Photo by K. Emily BondA friend came to visit us here in Seville a couple of weeks ago and was looking for the perfect gift to take back to her loved ones. “I have no idea,” I helpfully suggested.
It was really hot that day.
“Let’s get a cerveza and think about it.”
On the way, we stopped by a beautiful plaza I absolutely had to show her when, lo and behold, it occurred to me: tiles!
Tiles, or azulejos, are as ubiquitous on the Iberian Peninsula as 40°C (104°F) days are in summertime.
Like azotea, the word azulejo is derived from Arabic, in this case al-zulaij meaning ornamental tile. While the most exemplary tile work in Andalucía can be found at the Alhambra, which dates back to the first half of the 14th century, nowadays Triana is where you will find the most world-renowned workshops that craft tiles for building facades, churches, bars, patios, and fountains.
On a more intimate level, though, smaller and simpler geometric patterns -- best purchased in multiples of two or four for a complete set -- make great coasters, serving platters, and all other manner of inventive conversation pieces en casa.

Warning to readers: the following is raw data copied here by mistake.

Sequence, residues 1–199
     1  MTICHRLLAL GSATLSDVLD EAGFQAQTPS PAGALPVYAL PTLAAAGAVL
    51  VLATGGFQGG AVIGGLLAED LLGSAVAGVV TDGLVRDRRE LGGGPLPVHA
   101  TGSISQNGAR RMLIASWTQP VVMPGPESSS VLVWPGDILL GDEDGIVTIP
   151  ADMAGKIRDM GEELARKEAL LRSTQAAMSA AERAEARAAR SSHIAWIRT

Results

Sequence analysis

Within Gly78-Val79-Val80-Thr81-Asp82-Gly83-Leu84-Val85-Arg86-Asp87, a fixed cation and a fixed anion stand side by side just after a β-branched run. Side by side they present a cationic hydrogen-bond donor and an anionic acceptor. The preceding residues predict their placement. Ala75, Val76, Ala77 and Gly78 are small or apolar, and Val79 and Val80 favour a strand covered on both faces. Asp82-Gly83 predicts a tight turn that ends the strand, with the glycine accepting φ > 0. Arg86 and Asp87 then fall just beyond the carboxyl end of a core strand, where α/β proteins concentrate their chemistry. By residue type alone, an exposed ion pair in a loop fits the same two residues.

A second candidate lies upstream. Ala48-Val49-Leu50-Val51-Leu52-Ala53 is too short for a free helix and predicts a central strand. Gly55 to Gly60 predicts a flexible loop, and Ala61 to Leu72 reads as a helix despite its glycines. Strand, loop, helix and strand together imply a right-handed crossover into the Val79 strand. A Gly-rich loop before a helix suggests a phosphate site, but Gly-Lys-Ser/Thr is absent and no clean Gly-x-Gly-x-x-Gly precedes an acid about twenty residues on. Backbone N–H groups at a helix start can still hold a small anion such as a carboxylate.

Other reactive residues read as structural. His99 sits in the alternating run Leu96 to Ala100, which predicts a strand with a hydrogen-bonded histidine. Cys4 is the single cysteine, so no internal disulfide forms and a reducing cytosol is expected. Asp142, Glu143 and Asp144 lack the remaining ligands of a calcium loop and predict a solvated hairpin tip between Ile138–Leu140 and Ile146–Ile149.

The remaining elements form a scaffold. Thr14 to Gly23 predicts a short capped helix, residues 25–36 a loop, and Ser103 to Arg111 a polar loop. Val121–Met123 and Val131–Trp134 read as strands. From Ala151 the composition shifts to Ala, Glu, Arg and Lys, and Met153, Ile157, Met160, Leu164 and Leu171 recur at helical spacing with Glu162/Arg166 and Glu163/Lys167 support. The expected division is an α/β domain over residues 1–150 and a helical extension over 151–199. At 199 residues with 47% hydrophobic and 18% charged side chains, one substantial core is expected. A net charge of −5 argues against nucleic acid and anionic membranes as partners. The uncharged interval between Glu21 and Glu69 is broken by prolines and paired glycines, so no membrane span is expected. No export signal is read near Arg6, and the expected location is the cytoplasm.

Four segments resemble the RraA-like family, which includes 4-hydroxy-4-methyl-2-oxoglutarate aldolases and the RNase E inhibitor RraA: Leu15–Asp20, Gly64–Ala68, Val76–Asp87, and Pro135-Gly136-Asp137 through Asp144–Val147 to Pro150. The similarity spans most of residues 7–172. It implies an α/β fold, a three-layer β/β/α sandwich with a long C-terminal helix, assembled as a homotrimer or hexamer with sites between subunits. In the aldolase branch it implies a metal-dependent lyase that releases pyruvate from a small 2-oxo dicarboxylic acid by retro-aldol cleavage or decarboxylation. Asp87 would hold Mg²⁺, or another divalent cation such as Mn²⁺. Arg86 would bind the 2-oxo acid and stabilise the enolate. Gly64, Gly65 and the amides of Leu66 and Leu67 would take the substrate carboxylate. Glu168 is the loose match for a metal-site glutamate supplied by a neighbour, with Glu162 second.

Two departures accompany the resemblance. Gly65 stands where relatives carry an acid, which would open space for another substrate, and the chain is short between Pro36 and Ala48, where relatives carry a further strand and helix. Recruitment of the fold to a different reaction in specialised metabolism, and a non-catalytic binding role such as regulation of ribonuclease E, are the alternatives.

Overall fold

For example, custom-fit a frame around a pattern of eight and use it for serving appetizers or drinks. Sixteen, and you’ve got a trivet big enough for casserole. My friend settled on a set of four for her mother who, if memory serves, is rather obsessed with making sure everyone uses a coaster.
That reminds me, I should remind her to line the individual tiles with felt, cork, or adhesive rubber dots before gifting to avoid any controversial scratches.
If you happen to be, I don’t know, busy this summer and can’t make it to Spain to visit the tiendas de azulejos and workshops, might I suggest a visit to the tile and stone department of Home Depot. It’s not quite the same, but neither is H&M. The aim of the DIY tile is, above all else, style.